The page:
While Venice might not be geographically all that close to the Amalfi Coast, it is a place very close to my heart. The first time I traveled to Italy, I visited Venice and only Venice (with a little jaunt to see the Museo Ferrari in Maranello), and it was a memorable trip. For this week’s Tempting Tuesday, Cecil Lee, an avid traveler and photographer, tells us about his experiences visiting Venice earlier this year.

Welcome, Cecil!


One of the cities that I love most in Italy is definitely Venice. Venice is composed of 118 small islands separating by canals. It is sited along Adriatic Sea in Northeast Italy. Not unexpectedly, it is also the most valuable island in Italy as researches tell us that Venice is sinking by 5mm each year and by the year 2050, most parts of Venice will be underwater! In fact, many parts of the city are already sunken into water and long vacant. When I was there last summer, St. Mark’s Square, the most famous landmarks in Venice, was partly flooded in the morning during high tide.


Venice1 Cecil Lee Photo by Cecil Lee


How should I describe Venice? I was stunned and amazed by the beautiful scenic view of the city when I first visited the island. The whole city is surrounded by sea and divided by canals. Naturally, the main means of transportation there is by water. Most of the great buildings are not new. They were constructed centuries ago and many of them are already partly sunken into sea water!

Tourists attractions are mainly concentrated along the main waterway, Grand Canal of Venice. Hotels, restaurants, shops and pubs are spread along it and around the Rialto Bridge. But I like to explore further into the local lifestyle, by walking away from the tourists spots without the worry of getting lost. There are always signs showing the direction back to Rialto Bridge or Piazza San Marco. Drinking coffee and eating home made pizza with Venetians in any of the local cafés and restaurants is definitely exciting and rewarding.


Venice2 Cecil Lee Photo by Cecil Lee


Of course, I love also those main tourists attractions in Venice, such as St. Mark’s Square, the Bridge of Sighs and the Rialto Bridge. Make sure you bring enough memory SD cards, because I snap, snap and snap not less than 1000 photos when I was in Venice! The sky was so blue and clear, the sunlight so bright and beautiful and my photos all turned out fantastic. Though the sun was hot, I could always cool down by eating gelato after gelato!


Venice3 Cecil Lee  Photo by Cecil Lee


Having coffee at the outdoor seating of the famous Florian coffee bar in St. Mark’s Square, listening to live violin music and witnessing the colors of the sunset in front of the historical St. Mark’s Basilica was an enchanting experience.

I love also the romantic setting all over Venice especially the gondola ride along the Grand Canal, which definitely will make your stay in Venice a memorable honeymoon trip. The environment there is perfect for falling in love, so be careful who you go to Venice with!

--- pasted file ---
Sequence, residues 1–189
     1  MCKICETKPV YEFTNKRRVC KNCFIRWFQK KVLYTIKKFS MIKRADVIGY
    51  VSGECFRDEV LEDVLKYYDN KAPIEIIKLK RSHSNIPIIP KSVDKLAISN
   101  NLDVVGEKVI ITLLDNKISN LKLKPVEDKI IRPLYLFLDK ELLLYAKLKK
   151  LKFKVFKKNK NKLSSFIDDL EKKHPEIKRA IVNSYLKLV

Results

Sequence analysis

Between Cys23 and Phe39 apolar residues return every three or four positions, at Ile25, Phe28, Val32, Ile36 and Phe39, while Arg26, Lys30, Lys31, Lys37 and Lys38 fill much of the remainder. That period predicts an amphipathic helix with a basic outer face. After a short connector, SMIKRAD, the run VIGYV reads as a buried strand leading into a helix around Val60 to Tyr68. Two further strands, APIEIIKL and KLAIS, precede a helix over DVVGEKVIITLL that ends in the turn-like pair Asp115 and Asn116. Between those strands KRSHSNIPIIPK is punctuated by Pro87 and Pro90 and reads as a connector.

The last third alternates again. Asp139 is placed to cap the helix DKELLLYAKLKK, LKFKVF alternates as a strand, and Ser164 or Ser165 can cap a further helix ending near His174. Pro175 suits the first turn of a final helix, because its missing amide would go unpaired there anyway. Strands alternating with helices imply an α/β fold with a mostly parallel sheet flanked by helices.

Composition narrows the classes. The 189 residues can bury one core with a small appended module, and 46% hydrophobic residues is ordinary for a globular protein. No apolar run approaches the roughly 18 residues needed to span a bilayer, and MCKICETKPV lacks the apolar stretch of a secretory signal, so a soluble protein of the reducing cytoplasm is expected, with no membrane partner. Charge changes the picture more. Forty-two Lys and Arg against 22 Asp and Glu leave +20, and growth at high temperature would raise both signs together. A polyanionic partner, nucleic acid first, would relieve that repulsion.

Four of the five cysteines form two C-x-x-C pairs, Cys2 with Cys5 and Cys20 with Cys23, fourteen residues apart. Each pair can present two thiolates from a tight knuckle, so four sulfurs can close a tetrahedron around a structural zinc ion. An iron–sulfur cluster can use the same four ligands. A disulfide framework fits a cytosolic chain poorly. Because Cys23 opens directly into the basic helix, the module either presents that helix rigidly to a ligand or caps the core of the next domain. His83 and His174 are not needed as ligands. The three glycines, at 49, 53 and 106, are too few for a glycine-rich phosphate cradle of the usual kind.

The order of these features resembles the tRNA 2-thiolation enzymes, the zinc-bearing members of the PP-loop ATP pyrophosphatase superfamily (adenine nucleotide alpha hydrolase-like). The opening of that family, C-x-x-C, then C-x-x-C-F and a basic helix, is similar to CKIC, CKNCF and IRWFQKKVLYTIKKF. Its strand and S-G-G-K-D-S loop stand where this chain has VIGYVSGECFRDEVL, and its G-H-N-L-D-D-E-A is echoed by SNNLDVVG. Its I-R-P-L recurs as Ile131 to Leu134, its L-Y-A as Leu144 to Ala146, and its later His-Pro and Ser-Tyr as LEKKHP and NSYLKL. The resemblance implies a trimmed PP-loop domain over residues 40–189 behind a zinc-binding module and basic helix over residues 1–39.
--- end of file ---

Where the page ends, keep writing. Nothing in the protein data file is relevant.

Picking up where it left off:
Whoever has seen Venice will definitely want to go back for more. I’m certainly one of them…


Cecil Lee is an avid traveler who is also a passionate travel blogger and travel photographer living in Kuala Lumpur, Malaysia. He writes about travel for MNUI travel insurance and on his own travel photo blog, Travel Feeder.


Have you been to Venice? What do you remember most?

  • Irene

    I love Venice, too, and was able to live there for several years. It allowed me to understand the city from a local perspective, which brings me to my next point.

    The first part about Venice sinking is a bit exaggerated. The city has two areas that are especially low and therefore flood more often: Saint Mark's Square and just under the Rialto bridge. Those areas happen to also be the most touristy. If the city dredged all the canals more often and patched up the large underwater canal that allows the cruiselines to come into the lagoon for docking, the flooding would be drastically reduced. Plus, the city is building a huge underwater wall project called the Mose to further stop the intense flooding (which happens about twice a year, for a few hours at a time).

    Readers don't have to worry too much about "losing" Venice. The water is not as much a problem as the general integrity of Venetian life in the future that is in question.

    An American in Padua

    October 1, 2010
  • Laura

    Ciao Irene! Thanks for stopping by and for your informative comment. Agreed on the topics of Venice sinking and flooding. I've read about the underwater wall project, and I hope that prevents the more serious flooding.

    Living in a high tourist area here on the Amalfi Coast, I agree that the more pressing questions surround the impact of tourism. Would love hear your thoughts on the topic if you ever feel like guest posting about your experiences living in Venice!

    October 3, 2010

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